Consumers’ satisfaction with eating out has significantly dropped over the last 20 years, according to a comparative study by the British Sociological Association.
Approval of food, decor and service fell by around 9 percentage points between 1995 and 2015, with food going from 81% to 72%, decor 57%-48%, and service 65-57%, the study reveals.
Three-course meals are much less common than 20 years ago, with fewer people ordering dessert or starters - a fall from 33% in 1995 to 22% in 2015 in those eating three courses.
People spend less time eating a main meal when in a restaurant, with the percentage of meals taking less than one hour increasing from 20% in 1995 to 35% in 2015.
More people eat out alone – a rise from 3% in 1995 to 6% in 2015 - and people tend not to dress up especially for the occasion as they did, falling from 39% in 1995 to 26% in 2015.
The number of people eating out for special occasion fell from 29% in 1995, to 22% in 2015, while people eating out as a snap decision rose from 19% to 26%.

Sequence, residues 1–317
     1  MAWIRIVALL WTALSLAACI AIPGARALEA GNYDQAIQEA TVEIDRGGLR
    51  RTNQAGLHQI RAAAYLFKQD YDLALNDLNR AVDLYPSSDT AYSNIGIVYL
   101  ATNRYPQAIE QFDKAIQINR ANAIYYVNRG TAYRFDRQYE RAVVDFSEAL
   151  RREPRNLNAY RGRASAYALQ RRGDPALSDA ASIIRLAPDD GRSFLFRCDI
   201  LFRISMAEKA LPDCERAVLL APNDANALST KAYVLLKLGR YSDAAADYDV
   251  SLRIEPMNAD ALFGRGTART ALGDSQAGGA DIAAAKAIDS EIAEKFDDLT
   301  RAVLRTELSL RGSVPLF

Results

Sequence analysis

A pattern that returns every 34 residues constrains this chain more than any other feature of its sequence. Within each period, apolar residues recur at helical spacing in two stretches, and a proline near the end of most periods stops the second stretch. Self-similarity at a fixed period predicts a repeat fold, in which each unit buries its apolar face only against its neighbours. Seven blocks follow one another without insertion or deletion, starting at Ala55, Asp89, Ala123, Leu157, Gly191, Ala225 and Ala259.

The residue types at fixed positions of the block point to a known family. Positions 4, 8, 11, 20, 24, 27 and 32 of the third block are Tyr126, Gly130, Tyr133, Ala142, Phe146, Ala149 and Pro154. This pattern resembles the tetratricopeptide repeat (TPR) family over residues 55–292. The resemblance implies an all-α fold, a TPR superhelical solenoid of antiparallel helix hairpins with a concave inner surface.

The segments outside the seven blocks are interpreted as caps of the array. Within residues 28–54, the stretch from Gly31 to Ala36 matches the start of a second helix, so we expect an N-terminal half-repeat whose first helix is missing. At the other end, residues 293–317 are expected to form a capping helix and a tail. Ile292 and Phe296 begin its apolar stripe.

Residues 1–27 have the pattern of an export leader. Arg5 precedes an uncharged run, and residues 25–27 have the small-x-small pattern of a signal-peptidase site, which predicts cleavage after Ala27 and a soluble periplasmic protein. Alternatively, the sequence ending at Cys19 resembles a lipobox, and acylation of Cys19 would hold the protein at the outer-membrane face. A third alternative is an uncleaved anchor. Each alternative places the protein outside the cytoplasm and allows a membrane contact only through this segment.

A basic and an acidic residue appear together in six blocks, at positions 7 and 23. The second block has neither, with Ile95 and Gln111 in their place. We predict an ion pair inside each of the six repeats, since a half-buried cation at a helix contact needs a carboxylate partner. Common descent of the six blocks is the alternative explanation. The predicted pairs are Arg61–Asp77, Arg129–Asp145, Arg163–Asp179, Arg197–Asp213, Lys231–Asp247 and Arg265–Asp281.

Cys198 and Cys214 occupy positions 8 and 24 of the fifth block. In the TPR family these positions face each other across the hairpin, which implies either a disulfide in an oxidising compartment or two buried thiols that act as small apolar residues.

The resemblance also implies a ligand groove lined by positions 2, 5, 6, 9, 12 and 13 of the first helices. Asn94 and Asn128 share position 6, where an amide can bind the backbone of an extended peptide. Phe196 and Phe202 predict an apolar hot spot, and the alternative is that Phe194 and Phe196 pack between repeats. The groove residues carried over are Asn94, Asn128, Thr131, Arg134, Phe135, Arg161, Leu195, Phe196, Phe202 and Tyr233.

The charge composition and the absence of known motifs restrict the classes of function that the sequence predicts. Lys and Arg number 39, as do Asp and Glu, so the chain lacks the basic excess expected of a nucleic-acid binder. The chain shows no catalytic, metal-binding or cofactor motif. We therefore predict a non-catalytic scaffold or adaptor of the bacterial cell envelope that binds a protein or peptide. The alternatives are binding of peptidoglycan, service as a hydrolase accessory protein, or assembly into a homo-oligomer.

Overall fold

Of all the types of restaurants visited in 2015, the most frequented were traditional British (60% of those surveyed visiting one or more in the previous year); Italian (53%); Indian (44%); Chinese (31%); American-style (26%); Thai (21%); Japanese (16%); French (14%) and vegetarian (13%).
The study was carried out by researchers from the University of Manchester surveying 1,101 people in London, Bristol and Preston and comparing their results with similar research carried out in 1995.
Dr Jessica Paddock, Professor Alan Warde and Dr Jennifer Whillans, of Manchester’s Sustainable Consumption Institute, also found those who ate at a wide variety of restaurants, were much more likely to be professional middle class, degree educated, based in London, aged 16-39.
Dr Paddock said: “People of higher socio-economic status consume a greater range of ethnic cuisine, such as Japanese and Thai cooking.
“Those with the lowest incomes and without a university degree are much less likely to eat in exclusive restaurants and eat a wide variety of different cuisine styles. Class still matters.”
The findings were presented at the British Sociological Association’s annual conference at the University of Manchester yesterday.